Flash Index down; Illinois falling behind national economy

Friday, April 1, 2016

Flash Index down; Illinois falling behind national economy

The U. of I. Flash Index declined in March to 105.1 from its 105.6 level in February. The current reading is the lowest in three years (March 2013, 104.7, see archive). While the Illinois economy is still growing, as 100 is the dividing line between growth and decline, the state still lags behind the rest of the nation.

“A disturbing trend is emerging with Illinois falling further behind the national economy,” said J. Fred Giertz, who compiles the Flash Index for the University of Illinois Institute of Government and Public Affairs.

Until recently, the gap was closing between the state and national unemployment rate. A year ago, Illinois’ rate was only one-half of a percentage point above the national level (6.0 percent versus 5.5 percent). In the last year, Illinois’ rate has increased to 6.4 percent while the national rate as dropped to 4.9 percent—a divergence of 1.5 percentage points.

The Flash Index is unable to isolate the impact of the continuing state budget impasse from other factors. However, Giertz said there is growing anecdotal evidence that the standoff is slowing the economy.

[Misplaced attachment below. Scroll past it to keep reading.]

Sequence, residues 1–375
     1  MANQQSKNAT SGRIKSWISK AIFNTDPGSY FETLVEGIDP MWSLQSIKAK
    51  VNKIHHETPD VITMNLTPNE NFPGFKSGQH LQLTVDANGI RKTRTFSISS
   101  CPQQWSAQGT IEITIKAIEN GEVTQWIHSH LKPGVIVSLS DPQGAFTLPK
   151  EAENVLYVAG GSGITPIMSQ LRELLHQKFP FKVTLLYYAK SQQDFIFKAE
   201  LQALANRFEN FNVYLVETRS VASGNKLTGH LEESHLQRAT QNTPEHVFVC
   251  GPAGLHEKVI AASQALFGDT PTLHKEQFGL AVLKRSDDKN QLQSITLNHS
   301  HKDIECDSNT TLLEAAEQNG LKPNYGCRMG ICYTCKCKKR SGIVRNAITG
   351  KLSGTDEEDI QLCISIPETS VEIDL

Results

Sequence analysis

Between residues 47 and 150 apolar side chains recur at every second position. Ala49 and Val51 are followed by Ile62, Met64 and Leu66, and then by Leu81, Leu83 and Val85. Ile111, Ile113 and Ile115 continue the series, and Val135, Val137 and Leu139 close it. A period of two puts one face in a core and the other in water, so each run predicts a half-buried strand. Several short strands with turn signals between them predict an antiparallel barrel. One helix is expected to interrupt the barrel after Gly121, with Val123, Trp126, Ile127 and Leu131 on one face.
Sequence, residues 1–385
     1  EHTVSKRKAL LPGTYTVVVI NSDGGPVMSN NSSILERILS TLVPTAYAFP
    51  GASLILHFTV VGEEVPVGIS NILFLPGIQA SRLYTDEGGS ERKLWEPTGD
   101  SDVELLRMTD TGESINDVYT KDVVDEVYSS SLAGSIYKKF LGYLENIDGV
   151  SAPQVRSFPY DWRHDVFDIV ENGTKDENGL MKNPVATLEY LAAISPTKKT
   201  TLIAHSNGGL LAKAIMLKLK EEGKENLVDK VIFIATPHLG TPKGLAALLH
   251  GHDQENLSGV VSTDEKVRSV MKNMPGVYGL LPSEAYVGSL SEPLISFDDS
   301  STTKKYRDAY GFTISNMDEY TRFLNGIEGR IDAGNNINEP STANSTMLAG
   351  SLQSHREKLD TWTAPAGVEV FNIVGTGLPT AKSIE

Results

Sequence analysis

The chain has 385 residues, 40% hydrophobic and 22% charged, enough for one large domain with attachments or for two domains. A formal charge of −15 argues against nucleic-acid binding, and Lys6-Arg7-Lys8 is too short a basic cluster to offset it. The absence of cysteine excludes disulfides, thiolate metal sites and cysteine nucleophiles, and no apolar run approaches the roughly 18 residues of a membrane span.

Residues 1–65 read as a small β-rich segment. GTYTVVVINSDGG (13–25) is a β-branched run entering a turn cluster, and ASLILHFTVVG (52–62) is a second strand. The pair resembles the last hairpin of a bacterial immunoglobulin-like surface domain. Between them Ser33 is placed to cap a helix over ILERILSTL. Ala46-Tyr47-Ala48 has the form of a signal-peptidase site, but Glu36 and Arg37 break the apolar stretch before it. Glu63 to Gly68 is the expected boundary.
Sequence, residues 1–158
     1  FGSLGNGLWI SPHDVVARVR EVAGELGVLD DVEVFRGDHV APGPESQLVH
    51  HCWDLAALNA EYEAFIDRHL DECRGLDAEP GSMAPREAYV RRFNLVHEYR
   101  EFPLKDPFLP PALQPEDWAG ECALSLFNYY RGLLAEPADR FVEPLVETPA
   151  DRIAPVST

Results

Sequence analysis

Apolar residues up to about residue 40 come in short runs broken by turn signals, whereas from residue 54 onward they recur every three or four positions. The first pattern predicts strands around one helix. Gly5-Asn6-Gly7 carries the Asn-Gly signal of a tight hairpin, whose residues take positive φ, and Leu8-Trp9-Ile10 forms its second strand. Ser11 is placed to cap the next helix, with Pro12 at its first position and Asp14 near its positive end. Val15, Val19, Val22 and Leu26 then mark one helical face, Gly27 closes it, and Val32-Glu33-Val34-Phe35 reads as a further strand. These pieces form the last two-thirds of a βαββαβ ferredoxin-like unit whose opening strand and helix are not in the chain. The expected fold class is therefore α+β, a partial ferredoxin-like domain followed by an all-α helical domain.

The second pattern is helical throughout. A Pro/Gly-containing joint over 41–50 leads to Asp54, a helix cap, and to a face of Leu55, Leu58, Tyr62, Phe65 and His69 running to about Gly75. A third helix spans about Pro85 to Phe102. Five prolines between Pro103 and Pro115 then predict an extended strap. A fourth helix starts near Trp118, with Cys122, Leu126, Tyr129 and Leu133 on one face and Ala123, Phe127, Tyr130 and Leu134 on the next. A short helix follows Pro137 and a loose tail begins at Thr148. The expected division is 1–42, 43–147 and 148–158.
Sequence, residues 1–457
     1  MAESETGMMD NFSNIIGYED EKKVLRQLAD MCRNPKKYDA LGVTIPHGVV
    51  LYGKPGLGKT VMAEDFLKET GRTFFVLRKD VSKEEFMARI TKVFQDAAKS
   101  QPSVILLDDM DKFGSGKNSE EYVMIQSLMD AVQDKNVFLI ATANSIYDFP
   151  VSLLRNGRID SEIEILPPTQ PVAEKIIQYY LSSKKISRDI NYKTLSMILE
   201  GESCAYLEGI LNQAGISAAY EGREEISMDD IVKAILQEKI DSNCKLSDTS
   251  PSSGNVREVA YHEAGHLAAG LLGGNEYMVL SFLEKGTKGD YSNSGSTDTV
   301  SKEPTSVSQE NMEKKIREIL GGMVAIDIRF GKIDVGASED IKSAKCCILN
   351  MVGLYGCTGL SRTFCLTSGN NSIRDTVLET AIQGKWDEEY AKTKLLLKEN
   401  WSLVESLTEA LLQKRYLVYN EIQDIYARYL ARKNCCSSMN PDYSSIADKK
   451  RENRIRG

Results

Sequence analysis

“In the early months of the impasse, many organizations dependent on state support such as higher education and human service providers were able to buffer the negative impacts. This is no longer the case,” Giertz said. “Further, the general uncertainty of the process with the likelihood of future tax increases has a dampening effect on economic activity.”

Individual income tax and corporate tax receipts compared to the same month last year (after adjusting for inflation) were down considerably while sales tax receipts were slightly higher.

The Flash Index is a weighted average of Illinois growth rates in corporate earnings, consumer spending and personal income. Tax receipts from corporate income, personal income and retail sales are adjusted for inflation before growth rates are calculated. The growth rate for each component is then calculated for the 12-month period using data through March 31, 2016.